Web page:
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Biden, Xi come face to face for the 1st time amid tension over Taiwan

United States President Joe Biden and his Chinese counterpart Xi Jinping on Monday held a much-anticipated first in-person meeting on the margins of the G20 summit, amid strained bilateral relations that worsened due to Beijing’s recent posturing over Taiwan — including actual display of military power.

Biden and Xi shook hands and greeted each other with smiles, standing in front of a row of US and Chinese flags.

This is their first face to face meeting after Biden became president two years ago.

They have, however, talked on phone — and as vice president earlier Biden had been in touch with the Chinese strongman.

The two leaders did not wear masks.

In his opening remarks, Biden said that he was committed to keeping the lines of communication open with Xi.

“I’m committed to keep lines of communication open between you and me personally, but our governments across the board, because our two countries have so much that we have the opportunity to deal with,” he said.

“As the leaders of our two nations share responsibility in my view to show that China and the US can manage our differences, prevent competition from becoming anything even near conflict and find ways to work together on urgent, global issues that require our mutual cooperation,” he added.

On his part, Xi said the world is paying attention to the high-stakes meeting between him and President Biden.

“Currently the China-US relationship is in such a situation that we all care a lot about it because this is not the fundamental interest of our two countries and peoples, and it is not what the international community expects (from) us,” Xi was quoted as saying by CNN.

“As leaders of the two major countries we need to chart the right course for the US China relationship. We need to find the right direction for the bilateral relationship going forward and elevate the relationship,” he added, speaking through a translator.

“The world expects that China and the United States will properly handle the relationship. Our meeting has attracted the world’s attention, so we need to work with all countries to bring more hope to world peace, greater confidence to global stability and strong impetus to common development,” Xi said.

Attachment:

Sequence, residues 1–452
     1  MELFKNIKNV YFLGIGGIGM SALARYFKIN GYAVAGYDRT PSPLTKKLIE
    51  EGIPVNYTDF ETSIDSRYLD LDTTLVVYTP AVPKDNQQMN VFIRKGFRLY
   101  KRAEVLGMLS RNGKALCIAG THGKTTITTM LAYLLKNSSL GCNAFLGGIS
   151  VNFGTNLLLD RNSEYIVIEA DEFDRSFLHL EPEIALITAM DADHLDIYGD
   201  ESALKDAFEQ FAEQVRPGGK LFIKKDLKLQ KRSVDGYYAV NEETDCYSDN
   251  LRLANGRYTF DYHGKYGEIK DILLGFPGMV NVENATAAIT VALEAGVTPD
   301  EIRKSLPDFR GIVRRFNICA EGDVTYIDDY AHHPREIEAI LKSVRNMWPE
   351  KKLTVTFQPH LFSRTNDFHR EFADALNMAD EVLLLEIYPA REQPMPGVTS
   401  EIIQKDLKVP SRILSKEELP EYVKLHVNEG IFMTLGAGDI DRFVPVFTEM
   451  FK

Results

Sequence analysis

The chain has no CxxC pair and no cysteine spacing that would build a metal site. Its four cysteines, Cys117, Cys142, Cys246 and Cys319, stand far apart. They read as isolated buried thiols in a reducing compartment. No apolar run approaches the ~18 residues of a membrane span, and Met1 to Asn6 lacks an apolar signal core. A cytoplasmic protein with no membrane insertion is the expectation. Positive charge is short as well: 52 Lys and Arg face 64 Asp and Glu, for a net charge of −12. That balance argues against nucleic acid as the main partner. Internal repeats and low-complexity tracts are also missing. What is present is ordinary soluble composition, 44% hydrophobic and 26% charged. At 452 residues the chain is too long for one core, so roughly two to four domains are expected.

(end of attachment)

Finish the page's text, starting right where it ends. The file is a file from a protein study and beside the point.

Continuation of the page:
The Chinese leader said he was ready to have a ‘candid and in-depth’ exchange of views with Biden on issues of strategic importance on China-US relations and on major global and regional issues.

In Washington earlier, Biden promised that he would be ‘straightforward’ at the meeting, spell out the US red lines and learn about Beijing from Xi.

Xi arrived in Bali on Monday afternoon, a day after Biden’s Air Force One landed in Bali where leaders are gathering for the annual Group of 20 summit of the globe’s major economies — the advanced nations as well as the emerging economies.

Bali is the last stop in Biden’s three-nation trip, which included Egypt for the environment summit COP27 and Cambodia for the ASEAN Summit.

In Phnom Penh, he indicated his country’s solidarity with ASEAN nations, several of whom have conflicts with an overbearing China.

He said these countries and the US can together defend against ‘threats to rules-based order and threats against the rule of law’ — a reference to China but without naming that country.

Relations between the two countries took a nosedive after US House Speaker Nancy Pelosi’s visit to Taiwan in August.

China saw it as a provocative US move in support of the island which governs itself, but which Beijing says must return to it someday.

After the Pelosi visit, China held a series of military exercises around Taiwan to make its concerns clear.

Biden has indicated that the US would come to Taiwan’s aid if China invades, a stand that has exasperated tensions.

Both leaders entered the meeting — held at a hotel in Bali’s Nusa Dua — stronger at home.

Biden’s Democratic Party has done better than expected in mid-term elections, and Xi has secured a tradition-breaking third term as the head of China’s Communist Party and is being placed by many in the same league as Deng Xiaoping.

“His circumstance has changed, to state the obvious, at home,” Biden was quoted as saying to reporters before his Bali arrival.

And about his own, he said, “I know I am coming in stronger.”

The G20 comprises Argentina, Australia, Brazil, Canada, China, France, Germany, India, Indonesia, Italy, Japan, Republic of Korea, Mexico, Russia, Saudi Arabia, South Africa, Turkey, the UK, the USA and the European Union (EU).

Between them, they account for over 80 per cent of global GDP and 75 per cent of international trade.

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